Jury may not hear cops’ admissions in Tyre Nichols’ beating

  • Print
Listen to this story

Subscriber Benefit

As a subscriber you can listen to articles at work, in the car, or while you work out. Subscribe Now
This audio file is brought to you by
Loading audio file, please wait.
  • 0.25
  • 0.50
  • 0.75
  • 1.00
  • 1.25
  • 1.50
  • 1.75
  • 2.00
IL file photo

It was a stunning revelation: One of the officers involved in the fatal beating of Tyre Nichols took a cellphone photo of the bloodied and handcuffed man and shared it with five other people.

The disclosure was part of the Memphis Police Department’s request to the state that the five former officers charged with murder in Nichols’ death be decertified. But the officer’s statement about sharing the photo will likely never be seen by a jury.

So-called “Garrity statements” — or disclosures made by police officers during internal investigations under the threat of termination if they stay silent — have been viewed by courts as compelled and therefore cannot be used in criminal court.

Six officers already have been fired and one more has been relieved of duty after Nichols was pulled over for an alleged traffic violation and beaten by police. Six others could receive administrative discipline, officials disclosed, without providing any details. Prosecutors say the Jan. 7 arrest, which was captured on police video cameras, led to Nichols’ death three days later.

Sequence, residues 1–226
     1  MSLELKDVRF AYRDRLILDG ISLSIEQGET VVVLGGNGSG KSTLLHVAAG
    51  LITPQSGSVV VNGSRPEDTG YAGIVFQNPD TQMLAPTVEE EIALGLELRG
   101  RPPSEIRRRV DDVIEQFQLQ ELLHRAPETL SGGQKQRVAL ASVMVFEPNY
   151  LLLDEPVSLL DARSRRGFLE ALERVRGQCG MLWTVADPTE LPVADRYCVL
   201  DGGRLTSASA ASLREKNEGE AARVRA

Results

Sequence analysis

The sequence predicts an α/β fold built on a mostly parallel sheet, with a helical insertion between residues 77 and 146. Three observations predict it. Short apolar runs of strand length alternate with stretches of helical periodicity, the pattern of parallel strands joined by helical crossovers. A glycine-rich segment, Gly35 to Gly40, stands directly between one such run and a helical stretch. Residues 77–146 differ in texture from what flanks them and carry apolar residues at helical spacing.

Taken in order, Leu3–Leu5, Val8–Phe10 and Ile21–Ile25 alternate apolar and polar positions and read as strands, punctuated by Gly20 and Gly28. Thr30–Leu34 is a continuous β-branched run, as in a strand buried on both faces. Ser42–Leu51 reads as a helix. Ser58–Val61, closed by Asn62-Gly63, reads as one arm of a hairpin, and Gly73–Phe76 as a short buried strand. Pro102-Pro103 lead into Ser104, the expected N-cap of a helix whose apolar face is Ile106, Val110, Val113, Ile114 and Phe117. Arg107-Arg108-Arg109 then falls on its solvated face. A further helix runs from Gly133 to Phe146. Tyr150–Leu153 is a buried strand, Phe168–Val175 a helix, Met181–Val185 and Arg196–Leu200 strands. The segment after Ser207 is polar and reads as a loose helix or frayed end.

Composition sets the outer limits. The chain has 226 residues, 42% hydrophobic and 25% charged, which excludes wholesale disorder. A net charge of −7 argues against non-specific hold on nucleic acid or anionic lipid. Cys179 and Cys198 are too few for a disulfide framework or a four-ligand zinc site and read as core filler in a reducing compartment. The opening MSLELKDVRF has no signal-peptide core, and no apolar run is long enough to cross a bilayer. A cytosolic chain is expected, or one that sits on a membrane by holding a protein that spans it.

Here’s a look at “Garrity statements” and other aspects of internal police investigations into misconduct the public rarely sees:

What is a Garrity statement?

When a police officer is accused of misconduct, internal police investigators who are trying to figure out what happened often take statements from the accused officers or witnesses. Officers — like everyone — have a Fifth Amendment right against self-incrimination and can’t be forced to fess up to potential misconduct just to have those statements later used against them in a criminal case.

“Police officers do not shed their Constitutional rights when they pin on a badge,” said Phil Stinson, a criminologist at Bowling Green State University who tracks charges and convictions of police officers, and also a former police officer.

If an officer is told they have to answer questions as part of an internal affairs investigation or they could lose their job, courts have viewed those statements as protected or inadmissible in criminal proceedings because the officers were forced to talk.

They are called “Garrity statements” because of a 1967 U.S. Supreme Court decision in a case titled Garrity v. New Jersey that involved police officers who were brought in for questioning over allegations of traffic ticket fixing. The officers were warned that if they didn’t answer questions they would lose their job. Some of their answers were later used against them in court and they were convicted. The Supreme Court said such statements are involuntary, so they can’t be used in criminal proceedings.